Final | October 2018 | v1.0.0 | OFFICIAL-Public | QGCIO

Purpose

This guideline describes, at a general level, the activities required to conduct an architecture gap analysis. Any activity that involves comparing the present state of the business with a conceptual and desired future state, with the objective of ‘closing the gap’ can be considered a gap analysis. Gap analysis can also be a technique used to assess the extent to which an agency can meet its needs using its present capabilities. The capabilities include but are not limited to lines of business services, processes, staff and workforce competencies, facilities, information, applications and underpinning ICT infrastructure.

Other frameworks such as The Open Group Architecture Framework (TOGAF), provide greater detail on how to develop a gap analysis. Agencies may also have their own enterprise architecture framework.

Audience

A practitioner in the context of this guideline can include one or more of the following roles:

  • Enterprise architects
  • Digital or ICT strategic planners
  • Information managers.

Gap analysis

The development of the gap analysis should be led by an enterprise architect operating as part of an integrated planning team. By defining and analysing gaps, a planning team can create a roadmap to move the business forward and fill the potential gaps.

Completing a gap analysis requires information from two sources including:

  1. Accurate definition of the required future change. This information is available in the digital vision or ICT strategy or plan as well as the target state architecture.
  2. Identifying the current scenario and associated capability. To reach ‘where the agency wants to be’, it is necessary to assess the current capability. This information can be derived from the current state analysis.

Once the current and future expectations are known, the gaps can be identified as well as actions for closing the identified gaps. The gaps may arise from many areas and can include but are not limited to:

  • workforce gaps (e.g. skills and capability gaps, training requirements, recruitment or sourcing of new skills)
  • process and service gaps (e.g. process inefficiencies or new or improved services)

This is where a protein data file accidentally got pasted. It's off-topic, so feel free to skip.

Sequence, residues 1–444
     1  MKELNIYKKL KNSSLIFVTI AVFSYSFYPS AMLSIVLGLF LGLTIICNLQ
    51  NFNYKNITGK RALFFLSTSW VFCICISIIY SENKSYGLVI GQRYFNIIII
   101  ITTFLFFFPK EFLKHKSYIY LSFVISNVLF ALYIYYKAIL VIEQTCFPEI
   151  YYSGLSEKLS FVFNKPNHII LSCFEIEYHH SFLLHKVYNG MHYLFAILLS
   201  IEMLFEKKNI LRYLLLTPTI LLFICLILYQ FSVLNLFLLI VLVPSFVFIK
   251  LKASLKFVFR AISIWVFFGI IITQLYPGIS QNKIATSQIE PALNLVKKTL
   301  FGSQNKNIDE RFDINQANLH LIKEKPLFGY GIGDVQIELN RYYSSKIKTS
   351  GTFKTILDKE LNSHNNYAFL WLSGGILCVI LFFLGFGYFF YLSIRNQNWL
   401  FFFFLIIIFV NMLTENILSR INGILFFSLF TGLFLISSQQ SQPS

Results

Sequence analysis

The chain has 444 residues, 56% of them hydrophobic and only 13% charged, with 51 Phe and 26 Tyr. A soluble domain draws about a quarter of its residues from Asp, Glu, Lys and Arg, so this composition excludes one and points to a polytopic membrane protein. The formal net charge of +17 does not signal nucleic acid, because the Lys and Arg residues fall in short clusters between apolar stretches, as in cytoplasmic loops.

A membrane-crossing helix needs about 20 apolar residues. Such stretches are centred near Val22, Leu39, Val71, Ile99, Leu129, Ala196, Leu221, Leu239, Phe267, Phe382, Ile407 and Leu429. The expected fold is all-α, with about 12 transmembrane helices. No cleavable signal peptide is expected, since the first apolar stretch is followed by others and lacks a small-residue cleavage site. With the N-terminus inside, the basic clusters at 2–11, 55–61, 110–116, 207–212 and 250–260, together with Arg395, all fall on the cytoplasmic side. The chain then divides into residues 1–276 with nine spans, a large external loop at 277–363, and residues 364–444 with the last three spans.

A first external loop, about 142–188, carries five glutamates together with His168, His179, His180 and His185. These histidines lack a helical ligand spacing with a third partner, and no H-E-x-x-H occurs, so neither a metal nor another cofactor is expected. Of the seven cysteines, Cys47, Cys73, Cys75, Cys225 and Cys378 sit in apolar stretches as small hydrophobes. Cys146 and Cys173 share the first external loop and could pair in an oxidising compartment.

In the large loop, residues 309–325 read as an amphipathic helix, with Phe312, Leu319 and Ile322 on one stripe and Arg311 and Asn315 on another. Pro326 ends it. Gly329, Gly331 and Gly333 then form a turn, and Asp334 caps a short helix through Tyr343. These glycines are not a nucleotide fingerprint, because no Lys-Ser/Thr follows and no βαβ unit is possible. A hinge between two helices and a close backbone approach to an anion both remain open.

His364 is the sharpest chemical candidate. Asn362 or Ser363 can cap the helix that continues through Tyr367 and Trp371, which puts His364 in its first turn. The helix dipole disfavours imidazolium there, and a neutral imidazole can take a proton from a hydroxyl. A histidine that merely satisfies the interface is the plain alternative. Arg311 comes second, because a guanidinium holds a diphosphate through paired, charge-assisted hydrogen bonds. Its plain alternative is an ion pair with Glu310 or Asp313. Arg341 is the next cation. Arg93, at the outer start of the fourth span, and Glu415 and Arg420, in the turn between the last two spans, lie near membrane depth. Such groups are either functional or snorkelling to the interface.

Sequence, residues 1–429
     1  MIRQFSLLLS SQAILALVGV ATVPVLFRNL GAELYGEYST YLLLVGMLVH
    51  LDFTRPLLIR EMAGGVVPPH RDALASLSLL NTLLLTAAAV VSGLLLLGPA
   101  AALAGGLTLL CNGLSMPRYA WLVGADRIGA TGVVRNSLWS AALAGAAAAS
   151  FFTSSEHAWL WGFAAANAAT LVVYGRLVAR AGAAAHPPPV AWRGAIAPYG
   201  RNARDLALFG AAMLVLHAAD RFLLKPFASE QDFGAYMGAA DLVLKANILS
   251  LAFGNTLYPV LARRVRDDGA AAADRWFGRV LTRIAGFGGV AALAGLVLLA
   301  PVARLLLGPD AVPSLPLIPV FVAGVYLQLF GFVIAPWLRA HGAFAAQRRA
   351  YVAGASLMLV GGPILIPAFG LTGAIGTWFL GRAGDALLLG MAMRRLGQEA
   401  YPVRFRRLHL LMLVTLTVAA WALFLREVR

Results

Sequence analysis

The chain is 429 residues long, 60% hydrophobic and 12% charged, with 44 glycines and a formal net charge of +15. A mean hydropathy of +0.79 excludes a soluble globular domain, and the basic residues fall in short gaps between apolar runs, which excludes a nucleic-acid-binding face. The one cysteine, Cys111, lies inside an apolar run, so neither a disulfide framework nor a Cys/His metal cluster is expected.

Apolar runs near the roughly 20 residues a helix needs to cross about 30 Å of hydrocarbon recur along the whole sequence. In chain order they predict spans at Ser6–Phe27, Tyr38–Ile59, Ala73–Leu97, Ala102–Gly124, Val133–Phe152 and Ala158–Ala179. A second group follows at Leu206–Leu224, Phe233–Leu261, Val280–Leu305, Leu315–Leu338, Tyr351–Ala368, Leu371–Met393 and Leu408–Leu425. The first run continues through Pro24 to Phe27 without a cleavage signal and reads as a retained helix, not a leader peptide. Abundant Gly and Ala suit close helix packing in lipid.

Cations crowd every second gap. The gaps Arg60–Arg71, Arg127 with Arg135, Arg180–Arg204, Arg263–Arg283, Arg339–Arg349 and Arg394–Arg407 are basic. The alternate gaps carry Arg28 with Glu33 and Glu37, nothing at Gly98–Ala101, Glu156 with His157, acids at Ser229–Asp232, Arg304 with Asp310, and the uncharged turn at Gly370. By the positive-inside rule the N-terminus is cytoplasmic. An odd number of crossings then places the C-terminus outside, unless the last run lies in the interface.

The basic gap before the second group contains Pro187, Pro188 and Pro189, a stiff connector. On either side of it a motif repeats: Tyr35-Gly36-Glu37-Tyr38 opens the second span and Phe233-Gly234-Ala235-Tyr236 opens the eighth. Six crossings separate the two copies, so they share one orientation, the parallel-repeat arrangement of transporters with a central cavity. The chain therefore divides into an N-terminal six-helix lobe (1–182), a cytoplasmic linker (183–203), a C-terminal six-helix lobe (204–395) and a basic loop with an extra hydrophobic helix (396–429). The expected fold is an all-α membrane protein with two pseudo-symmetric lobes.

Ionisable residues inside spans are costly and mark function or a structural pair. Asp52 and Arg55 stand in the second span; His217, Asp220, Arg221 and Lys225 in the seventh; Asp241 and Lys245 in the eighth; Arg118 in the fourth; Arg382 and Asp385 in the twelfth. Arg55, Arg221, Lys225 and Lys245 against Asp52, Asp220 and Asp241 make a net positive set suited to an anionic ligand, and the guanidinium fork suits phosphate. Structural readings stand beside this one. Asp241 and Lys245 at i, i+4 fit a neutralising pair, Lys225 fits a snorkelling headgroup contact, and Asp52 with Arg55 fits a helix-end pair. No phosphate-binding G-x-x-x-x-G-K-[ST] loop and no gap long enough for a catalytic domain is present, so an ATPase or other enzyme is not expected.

• information gaps:
    • ­ information not of sufficient currency
    • ­ information not located or available where it is needed
    • ­ information not available when needed or not the right information
    • ­ information not yet created
    • ­ information not yet consumed
    • ­ information and data relationship gaps.
  • application gaps including applications that are impacted, eliminated or are new
  • technology gaps including technologies that are impacted, eliminated or are new
  • measurement gaps
  • financial gaps
  • facilities gaps (buildings, office accommodation, etc.).

The Open Group Architecture Framework (TOGAF) recommends a process of including the elements or domains of the current state architecture on the vertical axis of a matrix and elements or domains of the target state architecture on the horizontal axis of the same matrix. Capability matches, enhancements, new capability and exclusions can be documented as part of the matrix, forming the basis of action plans and roadmaps.

Another method of representing the gap analysis is to use the target state architecture and highlight or shade the domains that represent enhancements or new capability. These methods can be applied at the information, application and technology layers of an architecture.

Next steps

Once the Current state architecture, Target state architecture, and gap analysis have been conducted roadmaps can be developed that demonstrate the sequencing and priority of activities over the focus areas or planning horizons of the digital or ICT strategy or plan.

Resources

Resource

Link

The Open Group Architecture Framework

Link - The Open Group Architecture Framework (TOGAF)

Gap analysis

Link - TOGAF gap analysis


Last Reviewed: 24 October 2018